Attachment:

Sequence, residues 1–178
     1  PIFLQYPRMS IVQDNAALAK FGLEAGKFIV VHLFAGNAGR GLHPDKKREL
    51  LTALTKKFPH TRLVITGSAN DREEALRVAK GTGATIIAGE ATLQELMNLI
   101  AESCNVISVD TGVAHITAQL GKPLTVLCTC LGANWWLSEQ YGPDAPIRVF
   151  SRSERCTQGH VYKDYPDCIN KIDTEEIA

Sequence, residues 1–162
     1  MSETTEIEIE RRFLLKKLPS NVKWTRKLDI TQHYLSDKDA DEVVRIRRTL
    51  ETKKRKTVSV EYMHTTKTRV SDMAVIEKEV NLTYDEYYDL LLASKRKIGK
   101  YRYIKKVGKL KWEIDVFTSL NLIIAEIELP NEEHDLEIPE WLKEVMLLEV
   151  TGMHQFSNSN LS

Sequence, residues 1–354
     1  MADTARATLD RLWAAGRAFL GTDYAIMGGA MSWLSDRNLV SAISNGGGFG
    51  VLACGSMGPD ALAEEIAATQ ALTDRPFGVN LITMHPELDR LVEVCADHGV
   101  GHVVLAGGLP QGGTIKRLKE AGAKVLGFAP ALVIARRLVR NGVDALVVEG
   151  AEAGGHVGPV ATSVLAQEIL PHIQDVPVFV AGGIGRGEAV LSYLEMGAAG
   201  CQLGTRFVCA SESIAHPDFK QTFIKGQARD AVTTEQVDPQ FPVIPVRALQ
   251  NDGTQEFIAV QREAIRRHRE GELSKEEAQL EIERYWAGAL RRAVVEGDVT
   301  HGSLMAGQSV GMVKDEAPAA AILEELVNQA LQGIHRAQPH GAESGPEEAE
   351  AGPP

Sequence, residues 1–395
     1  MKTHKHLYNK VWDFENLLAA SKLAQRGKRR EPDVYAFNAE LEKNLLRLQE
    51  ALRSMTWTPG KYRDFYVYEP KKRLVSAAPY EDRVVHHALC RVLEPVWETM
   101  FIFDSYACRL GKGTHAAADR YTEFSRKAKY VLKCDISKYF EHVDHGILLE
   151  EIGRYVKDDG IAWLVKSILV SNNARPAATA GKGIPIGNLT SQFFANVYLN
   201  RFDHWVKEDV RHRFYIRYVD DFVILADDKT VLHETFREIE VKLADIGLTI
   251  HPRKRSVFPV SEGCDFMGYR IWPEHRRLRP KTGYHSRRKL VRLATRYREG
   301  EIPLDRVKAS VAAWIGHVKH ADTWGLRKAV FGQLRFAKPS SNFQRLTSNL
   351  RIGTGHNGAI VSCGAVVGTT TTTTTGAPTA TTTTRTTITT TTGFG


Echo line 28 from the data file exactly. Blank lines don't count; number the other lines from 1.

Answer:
   351  RIGTGHNGAI VSCGAVVGTT TTTTTGAPTA TTTTRTTITT TTGFG